DIY Galvanized Looking Table Top and Chair Makeover!

DIY Galvanized Looking Table Top and Chair Makeover!

I didn’t like the table and chairs that were originally in the farmhouse.  It was ugly, sat only 4 people and the chairs were uncomfortable.  Uh yeah, no thanks.  This gave me the opportunity to go through my furniture warehouse.  I know not many people have a Home Staging business with a warehouse full of furniture, but I did.  I’ve sense sold it all but ooh wee, it made for some great redesigns.  And it made for a great low cost, low effort DIY galvanized looking table top and chair makeover!

I see it like this – God knew when he prompted me over 10 years ago to get certified in Home Staging and Redesign that I’d one day branch out into furnishing vacant and model homes.  He also knew the Mister wasn’t going to purchase a bunch of new pretty stuff for this old inherited house and I’d need/want different furniture.  So boom bam, free furniture from my warehouse!

The set I chose has gold fabric on the seats and a dark stained top.  Not ugly but traditional and heavy looking.  I thought about painting the entire thing white but that would have put the Mister in a tizzy.  He doesn’t agree that white paint makes everything fresh and pretty.

DIY dining table before galvanized painted top


Steps for a DIY Galvanized Looking Table Top

First wipe the top with Klean-Strip Mineral Spirits or any other paint cleaner.  You don’t have to strip the stain off, just make sure there isn’t an oily residue left anywhere.  Now tape off the sides using painters tape and plastic sheeting to protect the legs and sides from over spray.

Next, apply Rust-Oleum metallic spray paint in a circular motion.  It took almost 2 cans to thoroughly cover the top.  After it dried, I used Fat Paint chalk paint in the color called Mountain Haze.  It’s bluish gray.  I used that color because I had it left over from a previous project and was to lazy to drive 25 minutes one way to get something different.


How to DIY a galvanized look to a table top

All this was done prior to starting a blog so I apologize for not having a “during” picture.  No one needs to see my hand with a spray can in it anyway.

Next step is to dip a paint brush (no special brush) into the Fat Paint then remove the excess paint by dabbing it onto a paper plate.  Your brush will look almost dry.  Now apply what’s left on the brush to the table top in a short crisscross pattern.

When it was almost dry, I used a cheap rough dry wash cloth and wiped it in a circular motion.  Then when it’s fully dried, go over the entire top with a 220 grit sandpaper.   I also used a 120 grit sand paper in some areas to give it a not-so-brand-new look.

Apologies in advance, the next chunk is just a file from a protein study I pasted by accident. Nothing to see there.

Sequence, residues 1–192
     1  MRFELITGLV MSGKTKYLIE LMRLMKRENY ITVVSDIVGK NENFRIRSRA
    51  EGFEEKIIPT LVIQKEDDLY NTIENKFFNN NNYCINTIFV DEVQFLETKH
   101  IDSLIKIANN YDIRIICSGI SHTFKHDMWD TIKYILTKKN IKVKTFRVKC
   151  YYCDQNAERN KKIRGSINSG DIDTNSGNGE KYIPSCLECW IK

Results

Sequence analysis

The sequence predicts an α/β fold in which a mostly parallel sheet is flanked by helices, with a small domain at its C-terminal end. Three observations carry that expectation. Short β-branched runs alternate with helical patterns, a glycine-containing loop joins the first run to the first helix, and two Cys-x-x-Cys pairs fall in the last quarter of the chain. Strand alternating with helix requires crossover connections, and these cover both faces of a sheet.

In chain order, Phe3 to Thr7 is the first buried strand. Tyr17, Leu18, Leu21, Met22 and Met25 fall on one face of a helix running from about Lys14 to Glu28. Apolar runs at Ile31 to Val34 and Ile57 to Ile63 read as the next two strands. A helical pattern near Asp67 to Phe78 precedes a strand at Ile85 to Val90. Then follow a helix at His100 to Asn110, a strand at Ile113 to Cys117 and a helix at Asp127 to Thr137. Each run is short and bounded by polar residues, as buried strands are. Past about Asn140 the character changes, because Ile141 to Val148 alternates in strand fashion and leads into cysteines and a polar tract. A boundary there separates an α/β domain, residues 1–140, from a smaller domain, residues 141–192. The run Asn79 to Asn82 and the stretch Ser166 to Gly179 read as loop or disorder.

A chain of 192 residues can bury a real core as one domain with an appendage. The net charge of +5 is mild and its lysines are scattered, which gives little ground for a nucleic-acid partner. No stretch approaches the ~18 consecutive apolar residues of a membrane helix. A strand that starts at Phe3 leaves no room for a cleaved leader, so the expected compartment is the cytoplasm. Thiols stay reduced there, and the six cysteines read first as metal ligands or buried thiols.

DIY Galvanized table top

How does it look?  I think it looks like galvanized sheet metal!


Chair Makeovers:

For the chairs, the plan was to sew 6 ruffled seat covers that tied around the legs for easy removal and washing.   I asked for help from my sweet sister-in-law who of course said yes.  Then seven little words came out of her mouth – “We’ll need to make a pattern first”.  Seriously – a pattern?!  My eyes instantly rolled so far back in my head I thought I was going to fall over.

I gave in and gave it a try.  We made a pattern and started on the ruffle.  Even Melinda (SIL) was a little annoyed at the situation.  We were using her left over curtain lining.  It grips and has a rubbery feel.  I was so frustrated that I pooped out after the second one and decreed no more!  Goodness gracious, I never knew making a ruffle was so tedious!

Ruffled seat cover made to give the chairs a farmhouse look


Obviously the other 4 chairs get a different makeover

I used a 6′ X 9′ painters drop cloth to use as the fabric to recover them – plenty for my four chairs and it’s less expensive than purchasing upholstery fabric.  Straight out of the package the drop cloth is dark beige and unmanageable.  I put it in the washing machine and added the normal amount of laundry detergent with 2 cups of bleach.  The end result is a perfectly colored soft pliable piece of cloth.

We unscrewed the seats from the bases and simply laid them out and traced around each seat adding about 6 inches.  Cut each one out then pulled and stapled the fabric back on the seats.  Lastly, each one got attached back to it’s original base.  Easy peasy, lemon squeezy.


painters drop cloth used to recover a chair DIY


Even though this DIY turned into a weekend project, the Mister and I agree on the new look.  And if the table gets a scratch, it adds character, the ruffled covers can be washed and if we ever need to recover the cushions again, we know it’s easy!  🙂

DIY galvanized table top with a farmhouse look

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